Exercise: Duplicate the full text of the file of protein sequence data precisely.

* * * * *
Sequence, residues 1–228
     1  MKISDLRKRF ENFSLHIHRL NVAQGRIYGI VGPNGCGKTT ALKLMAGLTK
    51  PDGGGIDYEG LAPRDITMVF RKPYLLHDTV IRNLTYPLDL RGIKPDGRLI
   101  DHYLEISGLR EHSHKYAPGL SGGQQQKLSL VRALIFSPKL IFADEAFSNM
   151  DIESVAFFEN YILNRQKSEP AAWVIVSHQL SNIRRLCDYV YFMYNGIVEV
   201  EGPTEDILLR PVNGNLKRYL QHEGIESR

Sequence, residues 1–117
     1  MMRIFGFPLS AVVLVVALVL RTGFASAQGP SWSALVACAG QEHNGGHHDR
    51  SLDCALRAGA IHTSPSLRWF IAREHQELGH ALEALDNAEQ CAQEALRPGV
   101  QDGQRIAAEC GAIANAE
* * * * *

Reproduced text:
Sequence, residues 1–228
     1  MKISDLRKRF ENFSLHIHRL NVAQGRIYGI VGPNGCGKTT ALKLMAGLTK
    51  PDGGGIDYEG LAPRDITMVF RKPYLLHDTV IRNLTYPLDL RGIKPDGRLI
   101  DHYLEISGLR EHSHKYAPGL SGGQQQKLSL VRALIFSPKL IFADEAFSNM
   151  DIESVAFFEN YILNRQKSEP AAWVIVSHQL SNIRRLCDYV YFMYNGIVEV
   201  EGPTEDILLR PVNGNLKRYL QHEGIESR

Sequence, residues 1–117
     1  MMRIFGFPLS AVVLVVALVL RTGFASAQGP SWSALVACAG QEHNGGHHDR
    51  SLDCALRAGA IHTSPSLRWF IAREHQELGH ALEALDNAEQ CAQEALRPGV
   101  QDGQRIAAEC GAIANAE